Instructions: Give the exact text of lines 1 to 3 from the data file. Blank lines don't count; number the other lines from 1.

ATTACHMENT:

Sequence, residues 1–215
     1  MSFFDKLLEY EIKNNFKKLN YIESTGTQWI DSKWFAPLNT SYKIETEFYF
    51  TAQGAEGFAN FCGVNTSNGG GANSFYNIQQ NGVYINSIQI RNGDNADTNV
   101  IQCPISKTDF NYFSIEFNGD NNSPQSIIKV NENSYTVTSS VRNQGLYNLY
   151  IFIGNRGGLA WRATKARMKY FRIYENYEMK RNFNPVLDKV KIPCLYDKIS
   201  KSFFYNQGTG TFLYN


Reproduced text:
Sequence, residues 1–215
     1  MSFFDKLLEY EIKNNFKKLN YIESTGTQWI DSKWFAPLNT SYKIETEFYF
    51  TAQGAEGFAN FCGVNTSNGG GANSFYNIQQ NGVYINSIQI RNGDNADTNV